Parable of a Nigguh
Don’t act like you don’t know what a nigguh is, don’t go there because you know very well what a nigguh is because more
than likely you are the very essence of a nigguh, especially you nigguhs
who say don’t say nigguh, many of you have been the most niggardly in
your behavior. Some of you who are now so holy have a history of killing
nigguhs, robbing and raping nigguhs, doing the most horrible things to
nigguhs, but now that you see the light you want to play holy joe and
demand people not say nigguh. Well, nigguh, go say that to the people
you robbed, murdered, raped, sold drugs to, pimped til their drawers
fell off. Tell those people don’t call you a nigguh and see what they
say. When we asked nigguhs to hug a thug, they
said, “I’m not hugging no thug, I’ll slug a thug!”
As Dr. Cornel West told the NAACP, how you gonna have a funeral to bury the word
nigguh yet you still act like nigguhs. More recently, your behavior was
very niggardly in regard to selling out to Wells Fargo after you sued
them for robbing nigguhs with their sub-prime loan scam, but for a few
dollars you allow them to sponsor your national association of nigguhs
Don’t say nothing to a nigguh because they take it the wrong way every time, without fail. Anything you say to a nigguh is taken the wrong way, misunderstood, misconstrued,
misinterpreted, misdiagnosed. Nigguhs have their own interpretation and definition of the English language, yes, it’s called
Nigguh English. And half the words nigguhs use they don’t understand
themselves, they just, in the words of ancestor James Brown, talking
loud but saying nothing. For example, I asked an OG nigguh is he a
rooster or a hen? He replied just like an ignut nigguh, proudly, “I’m a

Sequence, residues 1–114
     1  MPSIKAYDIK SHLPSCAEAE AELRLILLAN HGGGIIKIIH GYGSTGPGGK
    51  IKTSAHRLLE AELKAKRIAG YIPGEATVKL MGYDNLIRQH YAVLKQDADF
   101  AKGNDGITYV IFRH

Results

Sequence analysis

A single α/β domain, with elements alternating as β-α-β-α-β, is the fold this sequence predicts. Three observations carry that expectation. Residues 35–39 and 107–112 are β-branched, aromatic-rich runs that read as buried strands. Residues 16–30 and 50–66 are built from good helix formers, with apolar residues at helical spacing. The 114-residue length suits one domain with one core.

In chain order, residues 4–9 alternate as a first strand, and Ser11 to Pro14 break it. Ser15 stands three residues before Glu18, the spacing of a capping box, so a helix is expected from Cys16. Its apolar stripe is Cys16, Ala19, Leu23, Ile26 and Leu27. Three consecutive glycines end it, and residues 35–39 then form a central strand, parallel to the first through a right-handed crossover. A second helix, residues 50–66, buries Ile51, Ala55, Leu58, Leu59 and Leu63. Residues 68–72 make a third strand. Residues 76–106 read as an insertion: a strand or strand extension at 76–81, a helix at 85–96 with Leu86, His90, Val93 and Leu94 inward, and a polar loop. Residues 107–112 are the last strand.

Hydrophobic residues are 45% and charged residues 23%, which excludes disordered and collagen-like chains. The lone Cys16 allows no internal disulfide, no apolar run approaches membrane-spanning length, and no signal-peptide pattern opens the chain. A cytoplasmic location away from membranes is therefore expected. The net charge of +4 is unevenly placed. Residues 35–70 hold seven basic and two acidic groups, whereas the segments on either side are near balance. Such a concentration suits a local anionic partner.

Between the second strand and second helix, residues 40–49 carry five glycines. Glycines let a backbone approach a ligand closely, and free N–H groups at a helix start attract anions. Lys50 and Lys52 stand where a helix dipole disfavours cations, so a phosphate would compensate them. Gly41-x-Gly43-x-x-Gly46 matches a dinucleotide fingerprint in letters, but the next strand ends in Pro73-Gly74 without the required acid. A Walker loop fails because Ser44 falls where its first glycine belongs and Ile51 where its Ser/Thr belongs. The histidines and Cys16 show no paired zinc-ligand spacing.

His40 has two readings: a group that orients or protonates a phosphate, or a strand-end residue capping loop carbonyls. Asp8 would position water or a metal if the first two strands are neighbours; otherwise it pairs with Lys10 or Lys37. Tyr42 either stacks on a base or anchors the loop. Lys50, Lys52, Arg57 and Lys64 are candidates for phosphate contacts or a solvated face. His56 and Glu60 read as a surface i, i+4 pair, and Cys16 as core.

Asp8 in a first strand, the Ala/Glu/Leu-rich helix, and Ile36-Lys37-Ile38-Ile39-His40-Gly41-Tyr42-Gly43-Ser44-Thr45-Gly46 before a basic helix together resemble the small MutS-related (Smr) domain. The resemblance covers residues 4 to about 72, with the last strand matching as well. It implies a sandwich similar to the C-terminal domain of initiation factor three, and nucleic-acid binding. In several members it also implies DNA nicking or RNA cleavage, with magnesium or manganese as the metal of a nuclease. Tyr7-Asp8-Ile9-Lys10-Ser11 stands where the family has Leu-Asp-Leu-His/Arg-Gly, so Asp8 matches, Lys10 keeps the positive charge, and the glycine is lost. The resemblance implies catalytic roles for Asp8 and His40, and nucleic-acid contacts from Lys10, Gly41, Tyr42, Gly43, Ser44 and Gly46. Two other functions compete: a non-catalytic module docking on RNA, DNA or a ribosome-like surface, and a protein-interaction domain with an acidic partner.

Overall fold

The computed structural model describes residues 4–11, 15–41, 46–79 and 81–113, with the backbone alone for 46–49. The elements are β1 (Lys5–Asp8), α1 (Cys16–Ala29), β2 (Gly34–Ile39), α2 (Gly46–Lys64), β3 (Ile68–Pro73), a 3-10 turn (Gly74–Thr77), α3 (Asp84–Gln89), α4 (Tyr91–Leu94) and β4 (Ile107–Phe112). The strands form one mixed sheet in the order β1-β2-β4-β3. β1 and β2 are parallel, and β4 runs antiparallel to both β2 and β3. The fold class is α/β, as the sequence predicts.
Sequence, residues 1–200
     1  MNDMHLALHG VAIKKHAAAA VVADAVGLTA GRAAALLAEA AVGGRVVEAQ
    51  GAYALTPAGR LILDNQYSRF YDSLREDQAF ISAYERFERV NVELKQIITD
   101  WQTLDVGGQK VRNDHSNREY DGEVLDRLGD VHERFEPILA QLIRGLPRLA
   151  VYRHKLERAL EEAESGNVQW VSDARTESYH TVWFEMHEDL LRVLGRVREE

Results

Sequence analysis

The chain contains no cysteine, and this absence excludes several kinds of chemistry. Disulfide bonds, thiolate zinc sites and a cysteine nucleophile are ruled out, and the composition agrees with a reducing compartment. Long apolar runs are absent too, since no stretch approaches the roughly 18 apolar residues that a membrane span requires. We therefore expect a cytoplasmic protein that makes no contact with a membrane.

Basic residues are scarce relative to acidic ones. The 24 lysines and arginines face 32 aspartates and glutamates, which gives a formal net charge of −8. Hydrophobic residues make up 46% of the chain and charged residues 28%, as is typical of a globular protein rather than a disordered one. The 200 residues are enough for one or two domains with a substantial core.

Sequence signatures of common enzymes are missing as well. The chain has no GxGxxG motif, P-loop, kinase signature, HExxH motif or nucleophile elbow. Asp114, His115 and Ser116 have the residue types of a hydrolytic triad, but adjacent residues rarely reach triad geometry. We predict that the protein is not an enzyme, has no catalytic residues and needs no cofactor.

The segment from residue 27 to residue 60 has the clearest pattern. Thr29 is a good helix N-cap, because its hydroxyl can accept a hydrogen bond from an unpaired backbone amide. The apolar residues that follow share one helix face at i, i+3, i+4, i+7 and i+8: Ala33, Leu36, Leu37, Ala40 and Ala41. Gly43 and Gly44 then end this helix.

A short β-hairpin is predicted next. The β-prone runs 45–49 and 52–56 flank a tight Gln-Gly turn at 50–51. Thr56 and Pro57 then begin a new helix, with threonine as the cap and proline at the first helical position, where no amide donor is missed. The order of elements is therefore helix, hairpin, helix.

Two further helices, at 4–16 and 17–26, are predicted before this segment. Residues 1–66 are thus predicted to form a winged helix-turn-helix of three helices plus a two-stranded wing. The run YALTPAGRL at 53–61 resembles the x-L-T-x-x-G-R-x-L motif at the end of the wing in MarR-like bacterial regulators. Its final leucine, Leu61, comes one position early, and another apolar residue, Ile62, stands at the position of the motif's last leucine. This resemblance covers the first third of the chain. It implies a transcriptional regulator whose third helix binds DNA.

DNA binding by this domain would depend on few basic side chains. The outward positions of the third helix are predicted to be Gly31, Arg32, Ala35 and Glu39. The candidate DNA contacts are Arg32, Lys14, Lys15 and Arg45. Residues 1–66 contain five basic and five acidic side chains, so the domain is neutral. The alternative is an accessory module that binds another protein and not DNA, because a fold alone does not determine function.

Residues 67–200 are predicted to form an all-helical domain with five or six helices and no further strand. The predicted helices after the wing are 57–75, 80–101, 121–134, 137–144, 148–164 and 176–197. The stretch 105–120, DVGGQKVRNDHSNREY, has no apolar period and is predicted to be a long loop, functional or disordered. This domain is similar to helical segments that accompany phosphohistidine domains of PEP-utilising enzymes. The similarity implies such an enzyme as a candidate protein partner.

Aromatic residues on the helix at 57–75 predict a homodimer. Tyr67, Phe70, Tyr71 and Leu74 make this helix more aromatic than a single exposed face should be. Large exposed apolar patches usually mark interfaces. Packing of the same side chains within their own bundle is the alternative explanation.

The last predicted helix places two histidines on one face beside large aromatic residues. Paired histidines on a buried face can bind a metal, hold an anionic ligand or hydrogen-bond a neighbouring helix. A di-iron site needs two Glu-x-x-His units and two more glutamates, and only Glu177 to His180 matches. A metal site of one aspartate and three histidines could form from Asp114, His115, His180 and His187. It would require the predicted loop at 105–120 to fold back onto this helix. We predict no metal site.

hen, pimp!” James Brown said, “Loud and wrong!”
The best thing to say to a nigguh is nothing, absolutely nothing, or as the Hadith
tells us, “When you see the ignut say peace!” Even and most especially
with your loved ones, it is best to just be silent or say peace. I
remember asking a brother why he had to ask his wife whether he could
come to an event. He didn’t even answer, he simply held up two fingers
for the peace (in the family) sign. He’s right, if you want peace, don’t
say shit, be silent.
I adopted this policy in my relationship with a female and it worked perfectly, because I saw no matter what I said to her was
wrong, taken negatively, sparking an argument that was not my
intention. So I just shut up or shut down. What’s the use when every and
anything I say is wrong. If I should say, “I love you,” it is taken the
wrong way or I must define what I mean or give a rationale for my past
behavior going back forty years.
Some hip hop youth asked me to intervene with a male/female problem they were having, so I called a meeting. The two
women and one man came for mediation. In short, the young man got down
on his knees to apologize but was rejected, down on his knees pleading
for forgiveness. One thing about nigguhs, they don’t forget or forgive,
at least not another nigguh. Now they rush to forgive the white man for
kidnapping, raping, robbing, mass murdering and enslaving them for 400
years. Yes, they want to let bygones be bygones with the white man. They
recently were rewarded with a plague for building the nation’s capitol.
Imagine, they were rewarded but no awarded one nickel. At the ceremony
the nigguhs were told their slave master was paid five dollars a month
for employing his nigguhs. Amiri Baraka tells us not to accept rewards,
only awards because that’s the money, as in reparations.
At the same time we forgive the white man, a nigguh will never forgive another
nigguh. If you do the slightest thing to a nigguh, he’s ready to kill.
Remember, we used to get killed for stepping on a nigguh’s shoe. We used
to get killed for calling a nigguh black.
Now that the hip hop generation has made nigguh a universal, multiracial
term, plus a billion dollar word, nigguhs don’t want to say nigguh. I
said it before and I’ll say it again, Nigguh please!
See his The Psycholinguistic Crisis of the North American African, In The Crazy House Called America, essays, 2002, Black Bird Press, Berkeley.